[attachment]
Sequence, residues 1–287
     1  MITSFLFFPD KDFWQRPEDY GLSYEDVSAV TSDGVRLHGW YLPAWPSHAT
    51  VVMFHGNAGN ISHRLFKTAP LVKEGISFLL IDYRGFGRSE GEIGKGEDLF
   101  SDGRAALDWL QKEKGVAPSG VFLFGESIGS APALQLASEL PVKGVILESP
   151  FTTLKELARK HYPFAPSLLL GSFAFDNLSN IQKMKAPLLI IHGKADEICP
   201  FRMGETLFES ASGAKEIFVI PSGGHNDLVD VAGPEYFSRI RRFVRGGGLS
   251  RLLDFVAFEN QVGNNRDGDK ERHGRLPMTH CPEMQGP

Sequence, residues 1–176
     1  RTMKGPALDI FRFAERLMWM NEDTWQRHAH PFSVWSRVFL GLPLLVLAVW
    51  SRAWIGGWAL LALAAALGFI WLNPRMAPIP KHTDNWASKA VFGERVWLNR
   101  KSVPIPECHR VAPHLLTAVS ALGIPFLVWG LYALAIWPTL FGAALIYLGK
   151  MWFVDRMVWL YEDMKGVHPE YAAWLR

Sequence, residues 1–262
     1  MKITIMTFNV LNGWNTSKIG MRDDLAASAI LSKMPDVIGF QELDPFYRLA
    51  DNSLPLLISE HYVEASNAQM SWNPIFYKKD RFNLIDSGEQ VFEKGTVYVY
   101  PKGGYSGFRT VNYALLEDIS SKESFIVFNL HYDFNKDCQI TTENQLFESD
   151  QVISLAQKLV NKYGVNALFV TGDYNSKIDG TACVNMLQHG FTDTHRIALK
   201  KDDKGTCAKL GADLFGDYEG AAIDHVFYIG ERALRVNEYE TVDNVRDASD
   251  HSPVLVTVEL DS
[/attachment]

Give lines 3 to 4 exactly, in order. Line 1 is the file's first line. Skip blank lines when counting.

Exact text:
    51  VVMFHGNAGN ISHRLFKTAP LVKEGISFLL IDYRGFGRSE GEIGKGEDLF
   101  SDGRAALDWL QKEKGVAPSG VFLFGESIGS APALQLASEL PVKGVILESP